Teaching about Religions in New Zealand schools

Teaching about religions in New Zealand schools

Teaching about religions in New Zealand schools has been a priority concern expressed by the annual national Religious Leaders Forum hosted by the Religious Diversity Centre the past three years. The Religious Leaders are agreed that increased understanding of a wide range of religious practices and beliefs would ultimately lead to a decrease in incidences of religiously based harassment and abuse.

The Forum set up a workgroup to take the initiative forward. The group monitored the review of the Social Studies curriculum with a view to recommending the inclusion of ‘teaching about religions’ in the future. They have followed the review of the NCEA Achievement Standards Levels 1-3 which has reached the stage of a pilot trial of the revised Religious Studies curriculum. Religious Studies is now included as a Scholarship subject in Year 13.

In December 2019 a letter from the 2019 Religious Leaders Forum was sent to the Minister to urge the inclusion of Religious Studies in the formal New Zealand curriculum. And early in 2020 the Cabinet asked the Ministry of Education to work with the Religious Diversity Centre in order to further the discussion about religious education in schools.

The RDC is therefore carrying out a research programme on Religious Studies in other countries, with a view to the introduction of a Treaty-based Religious Studies Years 1-10 curriculum in our schools. And is preparing to respond to the MInister’s request for “New Zealand to have a broader conversation about the place of religion in schools to ensure our education system reflects a modern and diverse New Zealand, a conversation that could inform further advice on ways Religious Studies could be supported in the national curriculum”.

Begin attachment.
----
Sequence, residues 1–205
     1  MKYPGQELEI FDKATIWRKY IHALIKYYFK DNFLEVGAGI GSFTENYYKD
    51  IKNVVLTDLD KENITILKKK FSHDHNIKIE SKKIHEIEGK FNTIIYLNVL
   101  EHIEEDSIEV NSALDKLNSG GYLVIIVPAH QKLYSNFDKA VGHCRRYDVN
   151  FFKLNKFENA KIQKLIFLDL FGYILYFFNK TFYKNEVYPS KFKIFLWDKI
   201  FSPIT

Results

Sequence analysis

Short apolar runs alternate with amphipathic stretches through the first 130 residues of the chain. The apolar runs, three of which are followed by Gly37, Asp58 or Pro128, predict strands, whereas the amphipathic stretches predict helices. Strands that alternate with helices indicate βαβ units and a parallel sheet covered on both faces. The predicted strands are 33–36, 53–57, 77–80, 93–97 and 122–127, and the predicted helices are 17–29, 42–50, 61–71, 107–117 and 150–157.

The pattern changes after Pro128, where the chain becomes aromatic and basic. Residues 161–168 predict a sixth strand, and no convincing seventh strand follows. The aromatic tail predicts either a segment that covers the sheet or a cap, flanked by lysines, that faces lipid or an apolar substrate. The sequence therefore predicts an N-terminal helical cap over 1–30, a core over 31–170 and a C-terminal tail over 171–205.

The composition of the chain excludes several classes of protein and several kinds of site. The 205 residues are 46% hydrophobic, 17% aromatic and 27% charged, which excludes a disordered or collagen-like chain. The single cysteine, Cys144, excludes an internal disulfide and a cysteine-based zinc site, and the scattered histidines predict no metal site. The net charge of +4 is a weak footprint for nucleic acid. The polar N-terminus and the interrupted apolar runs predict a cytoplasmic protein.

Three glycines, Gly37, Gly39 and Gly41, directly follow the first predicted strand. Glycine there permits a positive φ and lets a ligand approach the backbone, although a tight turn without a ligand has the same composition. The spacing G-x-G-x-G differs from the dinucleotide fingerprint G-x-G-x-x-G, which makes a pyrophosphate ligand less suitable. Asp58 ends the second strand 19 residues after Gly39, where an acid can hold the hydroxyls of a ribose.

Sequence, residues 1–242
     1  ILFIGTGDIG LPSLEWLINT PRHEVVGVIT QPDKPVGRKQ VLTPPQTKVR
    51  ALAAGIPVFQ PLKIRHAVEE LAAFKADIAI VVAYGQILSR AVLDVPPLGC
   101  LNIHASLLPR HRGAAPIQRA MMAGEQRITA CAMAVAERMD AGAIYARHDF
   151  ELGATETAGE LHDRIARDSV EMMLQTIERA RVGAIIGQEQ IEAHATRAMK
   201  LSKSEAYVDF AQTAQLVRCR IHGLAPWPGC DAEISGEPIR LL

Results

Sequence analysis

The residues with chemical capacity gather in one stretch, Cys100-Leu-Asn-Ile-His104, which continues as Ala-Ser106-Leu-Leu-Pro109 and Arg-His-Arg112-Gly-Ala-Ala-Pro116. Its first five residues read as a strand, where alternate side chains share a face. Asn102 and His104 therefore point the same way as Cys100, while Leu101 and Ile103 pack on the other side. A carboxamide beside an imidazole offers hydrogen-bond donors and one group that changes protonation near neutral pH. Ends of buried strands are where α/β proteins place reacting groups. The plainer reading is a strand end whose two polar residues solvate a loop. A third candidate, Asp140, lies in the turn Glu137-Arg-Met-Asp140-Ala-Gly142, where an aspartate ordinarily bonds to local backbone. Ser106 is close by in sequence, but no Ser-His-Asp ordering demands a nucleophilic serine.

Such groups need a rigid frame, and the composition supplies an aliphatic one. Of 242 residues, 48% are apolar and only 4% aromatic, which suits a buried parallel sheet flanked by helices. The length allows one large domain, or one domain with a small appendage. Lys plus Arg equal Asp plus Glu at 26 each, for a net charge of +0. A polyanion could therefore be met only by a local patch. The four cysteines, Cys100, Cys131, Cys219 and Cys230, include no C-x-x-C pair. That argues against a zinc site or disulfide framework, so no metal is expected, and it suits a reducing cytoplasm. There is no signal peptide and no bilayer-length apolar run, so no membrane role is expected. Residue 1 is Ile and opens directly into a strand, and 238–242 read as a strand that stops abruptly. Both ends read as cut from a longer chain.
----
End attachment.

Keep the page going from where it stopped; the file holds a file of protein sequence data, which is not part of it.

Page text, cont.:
The Religious Diversity Centre is also significantly involved in hosting Leadership Diversity Days where secondary school year 12 students, many of whom have had no contact or involvement with those of different religious and or cultural backgrounds, are able to experience first hand both the positive aspects and the challenges inherent in living with religious diversity. Teachers who have attended the Leadership Diversity Days report very favourably on the outcome of the programme for both students and teachers alike.

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